The main problem for many suffering from social phobias is that once they feel that their social phobia has got control, it is very difficult to reverse. When you are conscious, your phobia is kicking in; this can lead to excessive sweating, thereby increasing your anxiety, headaches, increasing your concern, and ultimately creating a more anxious environment – a vicious circle. In these scenarios, once you feel your phobia coming-on, why not take five minutes out? If possible, just make your excuses and leave the room for a few moments while you compose yourself. Alternatively, move to a more airy cooler part of the room (maybe next to the window), which is perhaps not as busy and take some deep breaths.
Once you begin to control your breathing, you begin to take more control of the situation, which can empower you to take over your phobia. It may take time, some techniques work for some and not for others; but there are many different relaxation techniques you should look into.
- Challenging elements of your phobia
Let’s say your social phobia brings on headaches, stuttering, sweating, and perhaps you struggle to get your words out. Now, if you are fully aware of these different elements, it is worth focusing on one at a time. Slow your breathing, feel yourself relaxing, and your anxiety levels will come down. Speak more slowly, avoiding stuttering, focus on one person in the room as opposed to everybody, and “talk to them.” Slowly facing each individual element of your phobia head-on, you will break down the wall brick by brick, and then suddenly, the wall will collapse. You have regained control!
- Encourage rational thought
While there are many elements of a social phobia, one that seems to be mentioned on numerous occasions is the concern that people are talking about you. However, take a rational look at this thought and think it through. Why would people be talking about you? Why would they be interested in you? If you can’t hear them talking about you, then why assume it?
This type of rational thought allows you to regain control of your mental response to social phobia and put things in perspective. In effect, you are “rewiring your brain” to be more rational, more realistic, and not to assume the worst.
Taking physical and mental control
Those who suffer from social phobia often feel they have lost physical and mental control of their body, a feeling which is often brought on by heightened anxiety. One of the main problems can be the stress concerned with worry in the days before a meeting at work or some other occasion which has pricked your social phobia issues. Normally, if your anxiety levels were to start at “normal” on the morning of the event, then you would have a huge gap from this relatively low level to where your anxiety takes over, and you lose control. However, let’s say you had a sleepless night for the event, and you wake up with anxiety levels much more elevated than normal.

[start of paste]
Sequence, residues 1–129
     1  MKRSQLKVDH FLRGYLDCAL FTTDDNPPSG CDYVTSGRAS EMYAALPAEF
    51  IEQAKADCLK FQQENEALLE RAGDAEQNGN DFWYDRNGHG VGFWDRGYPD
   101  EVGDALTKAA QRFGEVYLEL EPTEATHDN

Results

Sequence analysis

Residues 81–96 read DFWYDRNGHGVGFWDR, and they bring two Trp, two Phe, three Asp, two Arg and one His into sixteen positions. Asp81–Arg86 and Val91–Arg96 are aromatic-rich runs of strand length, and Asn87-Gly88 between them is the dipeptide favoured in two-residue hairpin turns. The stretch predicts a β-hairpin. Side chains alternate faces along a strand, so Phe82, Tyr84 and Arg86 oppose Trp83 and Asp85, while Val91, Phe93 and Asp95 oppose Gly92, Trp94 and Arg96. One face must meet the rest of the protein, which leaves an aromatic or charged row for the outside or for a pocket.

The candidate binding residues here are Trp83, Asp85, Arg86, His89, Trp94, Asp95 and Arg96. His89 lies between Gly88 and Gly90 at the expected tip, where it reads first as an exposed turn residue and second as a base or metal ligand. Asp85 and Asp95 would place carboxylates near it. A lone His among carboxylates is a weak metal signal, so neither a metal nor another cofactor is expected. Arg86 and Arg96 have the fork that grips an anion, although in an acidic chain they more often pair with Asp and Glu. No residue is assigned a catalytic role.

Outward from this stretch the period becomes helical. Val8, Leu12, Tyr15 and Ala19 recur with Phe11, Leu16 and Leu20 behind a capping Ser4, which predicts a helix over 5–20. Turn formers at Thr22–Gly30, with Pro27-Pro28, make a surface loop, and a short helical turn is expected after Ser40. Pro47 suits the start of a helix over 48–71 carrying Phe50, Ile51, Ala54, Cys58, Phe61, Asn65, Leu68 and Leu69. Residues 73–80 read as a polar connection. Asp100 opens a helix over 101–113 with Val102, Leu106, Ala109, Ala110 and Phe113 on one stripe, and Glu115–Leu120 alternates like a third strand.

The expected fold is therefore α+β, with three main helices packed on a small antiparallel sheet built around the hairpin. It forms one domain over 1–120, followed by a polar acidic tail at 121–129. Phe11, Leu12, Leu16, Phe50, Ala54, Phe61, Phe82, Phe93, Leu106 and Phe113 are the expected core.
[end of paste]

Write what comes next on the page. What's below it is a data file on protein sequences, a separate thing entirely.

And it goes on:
As a consequence, it would not take a lot of additional anxiety to push your levels to the danger point and thereby experience a full-blown social phobia attack. So sleep, relaxation, positive thinking, and quite literally doing something else WILL make a huge difference prior to an event. Many people believe that sleep is the root of many different phobias because without it, our naturally low anxiety levels are heightened, thereby reducing your safety buffer to the “dangerous levels.”
The majority of people will have experienced at least one of the above signs of social phobia, but those who have experienced numerous signs are probably suffering from some kind of social phobia. Relaxation is the key, regaining control is important; just taking the edge off the anxiety will have a huge impact on the symptoms/signs. If you are able to push yourself to partake in social events which you would normally have ignored, your mind and body will soon become more accustomed. Eventually, you will instil a natural reaction in your body which can, on occasion, overcome the impact of your social phobia.
It will take time, a lot of work and there will be ups and downs, of that there is no doubt, but you can learn to live with a social phobia and still enjoy a social life.
Bonus content by Alex Perez: Social Skills Worksheet
In our modern-day of technology, we can always check back in and improve our social skills. Working on our social skills can improve our ability to relate to others, decreasing our social anxieties, and spending less time in isolation. This can improve our mental health and overall well-being. The first step to work on our social skills is to reflect on our strengths and weaknesses. Use the worksheet below to consciously reflect, recognize, and improve positive social skills.
The Social Confidence System has become one of the fastest, easiest, and most effective ways to overcome social anxiety. It consists of 12 easy to follow, step-by-step modules that use scientifically proven tapping techniques to drastically decrease social anxiety.